Organisations take preventive steps, but payments fraud still persists

Organisations are on high alert about payments fraud as more sophisticated attacks specific to debit and credit cards continue to rise even as overall payments fraud has decreased.

The majority of organisations continue to be affected by payments fraud, according to an annual survey by the Association for Financial Professionals (AFP). Sixty per cent of respondents said their organisations were exposed to actual or attempted payments fraud, and 63% have either adopted additional security measures or are planning to do so in the near future. The increased security comes in the wake of several high-profile breaches of customer data, according to the survey of 449 financial professionals in January.

Compared with last year, fraud involving credit or debit cards has risen sharply. Forty-three per cent of those exposed to fraud attacks reported that credit or debit cards were targeted, up from 29% in 2012 and 20% in 2011.

Overall, payments fraud has declined in the past five years. In AFP’s 2009 survey, 73% of respondents reported attempted or actual fraud. That dipped to 71% in 2010, 68% in 2011 and 61% in 2012.

According to the most recent survey, the most common actions taken to defend against fraud were, in order:

  • Perform daily reconciliations, 74%
  • Review and strengthen internal procedures and controls, 73%
  • Adopt a stronger form of authentication or add layers of security to access bank services, 49%
  • Ensure disaster recovery plans include the ability to continue with strong control, 44%
  • Update the authentication procedures/devices used to access company networks, 41%

Chip cards and payments fraud

In the next 18 months in the US, liability is slated to shift from card issuers to merchants for fraudulent transactions made on point-of-sale (POS) systems that are not in compliance with EMV standards. EMV stands for Europay, Visa and MasterCard, the companies that created the global standard for chip cards and chip-card-compliant POS systems. Liability has already shifted to merchants in most other parts of the world, and, as a result, EMV cards and EMV-compliant systems are far more common. In Europe, for example, research shows that financial losses related to payment card fraud have fallen significantly since EMV standards became the norm in the mid-2000s.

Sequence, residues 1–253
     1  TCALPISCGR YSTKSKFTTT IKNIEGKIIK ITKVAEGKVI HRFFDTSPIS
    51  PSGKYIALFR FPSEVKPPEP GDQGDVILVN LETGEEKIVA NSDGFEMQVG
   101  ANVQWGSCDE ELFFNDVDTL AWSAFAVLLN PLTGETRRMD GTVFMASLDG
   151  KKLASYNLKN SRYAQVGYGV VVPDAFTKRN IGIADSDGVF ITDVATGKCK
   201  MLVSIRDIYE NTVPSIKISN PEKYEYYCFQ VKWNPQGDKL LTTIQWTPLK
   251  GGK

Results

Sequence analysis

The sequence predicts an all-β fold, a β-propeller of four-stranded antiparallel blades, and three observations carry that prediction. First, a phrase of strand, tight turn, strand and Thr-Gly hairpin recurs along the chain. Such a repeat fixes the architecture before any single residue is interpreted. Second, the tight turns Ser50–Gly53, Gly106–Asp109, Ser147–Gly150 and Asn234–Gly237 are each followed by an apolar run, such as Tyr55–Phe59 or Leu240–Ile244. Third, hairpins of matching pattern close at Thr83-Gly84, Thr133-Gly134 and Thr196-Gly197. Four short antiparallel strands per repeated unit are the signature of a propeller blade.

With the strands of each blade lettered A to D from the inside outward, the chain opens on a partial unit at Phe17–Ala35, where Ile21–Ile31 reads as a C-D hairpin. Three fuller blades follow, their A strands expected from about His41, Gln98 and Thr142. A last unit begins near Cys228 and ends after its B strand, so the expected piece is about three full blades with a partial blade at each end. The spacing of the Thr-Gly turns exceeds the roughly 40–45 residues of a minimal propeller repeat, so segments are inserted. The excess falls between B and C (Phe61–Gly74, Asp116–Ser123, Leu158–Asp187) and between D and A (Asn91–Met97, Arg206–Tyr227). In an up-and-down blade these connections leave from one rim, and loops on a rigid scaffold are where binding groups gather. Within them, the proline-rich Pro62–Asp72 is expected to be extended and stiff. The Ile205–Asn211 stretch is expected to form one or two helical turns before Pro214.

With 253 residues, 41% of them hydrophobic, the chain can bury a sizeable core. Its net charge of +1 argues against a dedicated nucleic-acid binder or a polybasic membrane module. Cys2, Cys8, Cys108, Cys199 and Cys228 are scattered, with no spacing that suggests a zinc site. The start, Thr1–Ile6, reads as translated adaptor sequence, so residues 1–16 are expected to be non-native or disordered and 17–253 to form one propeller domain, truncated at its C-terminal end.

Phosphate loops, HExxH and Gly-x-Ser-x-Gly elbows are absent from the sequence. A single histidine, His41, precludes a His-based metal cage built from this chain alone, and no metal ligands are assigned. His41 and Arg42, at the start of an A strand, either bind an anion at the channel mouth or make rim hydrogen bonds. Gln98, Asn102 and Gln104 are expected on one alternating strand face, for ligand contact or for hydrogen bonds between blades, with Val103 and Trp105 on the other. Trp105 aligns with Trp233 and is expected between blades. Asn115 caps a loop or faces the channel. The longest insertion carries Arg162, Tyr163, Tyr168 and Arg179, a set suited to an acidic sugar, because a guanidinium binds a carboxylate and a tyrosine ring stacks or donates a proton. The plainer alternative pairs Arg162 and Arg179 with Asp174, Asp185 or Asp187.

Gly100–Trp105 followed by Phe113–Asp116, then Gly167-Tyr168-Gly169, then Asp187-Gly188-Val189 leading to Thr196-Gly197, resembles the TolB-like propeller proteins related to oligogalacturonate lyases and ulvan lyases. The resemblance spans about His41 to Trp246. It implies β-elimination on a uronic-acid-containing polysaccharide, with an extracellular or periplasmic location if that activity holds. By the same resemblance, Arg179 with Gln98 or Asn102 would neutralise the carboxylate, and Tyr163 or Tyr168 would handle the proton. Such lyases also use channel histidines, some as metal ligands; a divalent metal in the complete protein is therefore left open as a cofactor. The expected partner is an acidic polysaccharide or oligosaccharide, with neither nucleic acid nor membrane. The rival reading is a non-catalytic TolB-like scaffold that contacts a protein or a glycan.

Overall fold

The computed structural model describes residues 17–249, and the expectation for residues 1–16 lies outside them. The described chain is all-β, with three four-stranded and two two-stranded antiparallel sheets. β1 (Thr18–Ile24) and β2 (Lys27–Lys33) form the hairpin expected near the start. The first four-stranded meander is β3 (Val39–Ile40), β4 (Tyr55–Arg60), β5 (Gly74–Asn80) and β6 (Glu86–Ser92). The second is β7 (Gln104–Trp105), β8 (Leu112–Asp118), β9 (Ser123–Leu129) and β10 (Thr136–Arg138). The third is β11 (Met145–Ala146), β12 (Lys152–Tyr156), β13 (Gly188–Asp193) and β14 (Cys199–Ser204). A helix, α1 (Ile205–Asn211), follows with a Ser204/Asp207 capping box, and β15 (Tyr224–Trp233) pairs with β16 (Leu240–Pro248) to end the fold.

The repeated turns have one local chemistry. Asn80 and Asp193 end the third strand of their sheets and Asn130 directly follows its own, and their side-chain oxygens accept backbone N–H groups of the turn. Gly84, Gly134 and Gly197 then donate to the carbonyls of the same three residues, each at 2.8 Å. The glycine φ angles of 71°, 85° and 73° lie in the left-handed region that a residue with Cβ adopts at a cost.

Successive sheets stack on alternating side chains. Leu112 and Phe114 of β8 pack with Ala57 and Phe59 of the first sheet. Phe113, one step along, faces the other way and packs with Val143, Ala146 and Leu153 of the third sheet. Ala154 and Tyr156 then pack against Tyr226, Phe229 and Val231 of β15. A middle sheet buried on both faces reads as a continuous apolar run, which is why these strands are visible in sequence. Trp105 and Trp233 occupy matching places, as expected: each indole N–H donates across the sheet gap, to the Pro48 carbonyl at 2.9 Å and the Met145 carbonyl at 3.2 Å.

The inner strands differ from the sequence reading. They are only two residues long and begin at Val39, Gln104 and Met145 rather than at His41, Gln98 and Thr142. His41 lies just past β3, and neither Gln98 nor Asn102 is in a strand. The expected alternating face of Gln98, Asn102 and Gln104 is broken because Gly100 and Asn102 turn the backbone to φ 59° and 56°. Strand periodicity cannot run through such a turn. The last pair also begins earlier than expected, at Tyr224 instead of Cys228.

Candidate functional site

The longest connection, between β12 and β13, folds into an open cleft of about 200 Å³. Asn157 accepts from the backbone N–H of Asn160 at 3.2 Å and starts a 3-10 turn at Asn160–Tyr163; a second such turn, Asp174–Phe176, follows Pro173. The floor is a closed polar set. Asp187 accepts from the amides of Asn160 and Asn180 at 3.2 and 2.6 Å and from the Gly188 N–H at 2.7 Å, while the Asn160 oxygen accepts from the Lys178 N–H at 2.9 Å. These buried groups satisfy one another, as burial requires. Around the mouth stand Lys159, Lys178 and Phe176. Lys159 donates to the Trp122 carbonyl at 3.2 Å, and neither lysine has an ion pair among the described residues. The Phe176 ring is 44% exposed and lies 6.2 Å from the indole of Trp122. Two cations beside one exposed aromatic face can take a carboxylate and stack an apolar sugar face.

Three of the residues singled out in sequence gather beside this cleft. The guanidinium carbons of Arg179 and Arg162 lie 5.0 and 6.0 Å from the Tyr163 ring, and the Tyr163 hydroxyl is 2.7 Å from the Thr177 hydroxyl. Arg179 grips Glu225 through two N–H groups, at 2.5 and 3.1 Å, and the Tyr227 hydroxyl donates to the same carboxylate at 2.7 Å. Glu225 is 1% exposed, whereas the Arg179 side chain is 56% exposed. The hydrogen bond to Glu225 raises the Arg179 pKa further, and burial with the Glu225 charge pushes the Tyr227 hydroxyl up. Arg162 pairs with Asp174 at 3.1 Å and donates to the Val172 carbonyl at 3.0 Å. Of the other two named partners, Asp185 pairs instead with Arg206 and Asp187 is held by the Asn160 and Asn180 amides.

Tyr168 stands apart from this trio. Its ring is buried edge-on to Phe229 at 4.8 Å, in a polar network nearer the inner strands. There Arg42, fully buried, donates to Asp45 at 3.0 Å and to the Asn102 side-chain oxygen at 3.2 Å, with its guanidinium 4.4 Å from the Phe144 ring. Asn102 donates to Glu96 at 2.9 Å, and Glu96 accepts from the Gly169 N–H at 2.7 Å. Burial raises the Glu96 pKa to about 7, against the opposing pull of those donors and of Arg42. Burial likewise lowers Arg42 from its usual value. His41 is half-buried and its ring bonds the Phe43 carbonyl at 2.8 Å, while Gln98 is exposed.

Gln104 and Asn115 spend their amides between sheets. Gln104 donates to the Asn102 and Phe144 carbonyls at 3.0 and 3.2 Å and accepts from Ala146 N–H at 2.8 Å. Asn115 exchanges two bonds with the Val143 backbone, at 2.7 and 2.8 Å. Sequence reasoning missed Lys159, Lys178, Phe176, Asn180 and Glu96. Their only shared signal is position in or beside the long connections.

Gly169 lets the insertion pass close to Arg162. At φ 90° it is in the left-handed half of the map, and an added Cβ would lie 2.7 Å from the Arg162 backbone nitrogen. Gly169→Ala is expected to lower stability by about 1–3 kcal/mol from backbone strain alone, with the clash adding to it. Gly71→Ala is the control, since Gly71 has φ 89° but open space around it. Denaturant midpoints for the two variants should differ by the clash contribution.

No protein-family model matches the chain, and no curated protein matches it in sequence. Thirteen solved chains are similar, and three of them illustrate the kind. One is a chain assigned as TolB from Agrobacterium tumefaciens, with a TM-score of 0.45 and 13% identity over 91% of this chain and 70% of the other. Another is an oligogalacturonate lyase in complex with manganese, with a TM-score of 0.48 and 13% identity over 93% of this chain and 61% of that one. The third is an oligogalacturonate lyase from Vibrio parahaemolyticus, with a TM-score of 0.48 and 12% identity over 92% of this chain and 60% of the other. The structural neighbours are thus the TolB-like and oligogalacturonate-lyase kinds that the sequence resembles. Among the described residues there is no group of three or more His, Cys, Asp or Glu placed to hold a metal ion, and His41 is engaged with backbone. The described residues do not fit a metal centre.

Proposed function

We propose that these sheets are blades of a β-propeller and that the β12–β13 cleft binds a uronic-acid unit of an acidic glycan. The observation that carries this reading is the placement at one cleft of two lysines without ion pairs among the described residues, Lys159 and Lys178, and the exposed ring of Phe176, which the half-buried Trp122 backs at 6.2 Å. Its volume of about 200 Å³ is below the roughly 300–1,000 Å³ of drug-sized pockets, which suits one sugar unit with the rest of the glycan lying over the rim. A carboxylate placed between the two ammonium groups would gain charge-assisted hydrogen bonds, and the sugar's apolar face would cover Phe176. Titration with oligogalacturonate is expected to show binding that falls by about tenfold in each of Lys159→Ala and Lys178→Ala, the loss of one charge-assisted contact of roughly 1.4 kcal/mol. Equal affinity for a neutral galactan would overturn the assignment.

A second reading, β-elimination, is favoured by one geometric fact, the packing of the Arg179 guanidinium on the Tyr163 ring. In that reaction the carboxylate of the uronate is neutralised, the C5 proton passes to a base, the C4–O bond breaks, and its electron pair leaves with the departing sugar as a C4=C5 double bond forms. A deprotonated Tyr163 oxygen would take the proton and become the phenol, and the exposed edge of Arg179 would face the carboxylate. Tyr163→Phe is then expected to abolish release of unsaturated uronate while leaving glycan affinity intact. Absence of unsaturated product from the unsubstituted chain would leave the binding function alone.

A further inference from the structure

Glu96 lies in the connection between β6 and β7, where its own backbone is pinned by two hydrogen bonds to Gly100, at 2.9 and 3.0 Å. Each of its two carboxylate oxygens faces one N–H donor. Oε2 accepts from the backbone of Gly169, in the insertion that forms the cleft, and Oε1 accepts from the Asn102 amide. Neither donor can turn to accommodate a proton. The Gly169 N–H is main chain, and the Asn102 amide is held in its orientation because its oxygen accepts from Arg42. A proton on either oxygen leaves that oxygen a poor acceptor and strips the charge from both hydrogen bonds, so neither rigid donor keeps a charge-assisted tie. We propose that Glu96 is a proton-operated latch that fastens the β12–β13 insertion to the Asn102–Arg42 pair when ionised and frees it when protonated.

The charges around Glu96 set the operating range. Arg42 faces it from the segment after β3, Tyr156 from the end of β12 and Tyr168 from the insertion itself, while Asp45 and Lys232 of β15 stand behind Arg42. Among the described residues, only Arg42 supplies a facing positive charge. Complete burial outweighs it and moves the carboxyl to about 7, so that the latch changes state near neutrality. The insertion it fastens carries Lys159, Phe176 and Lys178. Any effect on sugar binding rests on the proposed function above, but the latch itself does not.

Adoption of EMV standards has been slower in the US, where cheaper cards with less secure magnetic strips remain common. Major card issuers, such as American Express, Discover, MasterCard and Visa, have set October 2015 as the US date for the shift in liability for POS transactions. The liability shift is later for ATM withdrawals or pay-at-the-pump gas purchases.

A majority of respondents in the AFP survey expect a switch to EMV chip cards to cause a major reduction or some reduction in fraud, but 69% believe that fraud activity will migrate to other payment methods if EMV chip cards are successful.

“It is evident that those committing fraud are continuously adopting unique methods with far-reaching effects,” the AFP report said. “The challenge for organisations and the financial professionals who work for them will be to stay ahead of the game.”

Other key findings in the survey:

  • The typical amount lost by companies from payments fraud in 2013 was $23,100.
  • 70% of organisations exposed to actual or attempted fraud experienced no financial loss.
  • 80% of organisations exposed to fraud or fraud attempts report that the fraud came from outside the organisation.
  • 27% of respondents whose organisations had experienced fraud reported that the number of fraud attempts increased in 2013 compared with 2012. Fifty-seven per cent said the number of incidents remained the same, and 16% said the fraud attempts decreased.
  • Cheques remain the most common method of payments fraud. Eighty-two per cent of organisations reporting attempted or actual fraud cited cheques as the method, down from 87% a year ago. The most prominent method of cheque fraud, cited by 62% of respondents, was altering the cheque’s magnetic ink character recognition (MICR) line.

Related CGMA Magazine content:

Six Fraud and Corruption Trends for 2014”: EY has identified six themes related to fraud and corruption in 2014. Among them: dealing with cyber threats and balancing the opportunity for growth in emerging markets with perceived corruption risk.

Electronic Payments Rise, but Paper Cheques Still Dominate”: A survey by the Association for Financial Professionals shows that paper cheque use has declined over the years but that obstacles remain to going to a more digital model.

Why Companies Need a More Forward-Looking Approach to Cybersecurity”: Not so long ago, computer hackers focused mainly on organisations that had the most to offer. They followed the money, trying to breach big companies and access cash, sensitive data or intellectual property.

Neil Amato ( is a CGMA Magazine senior editor.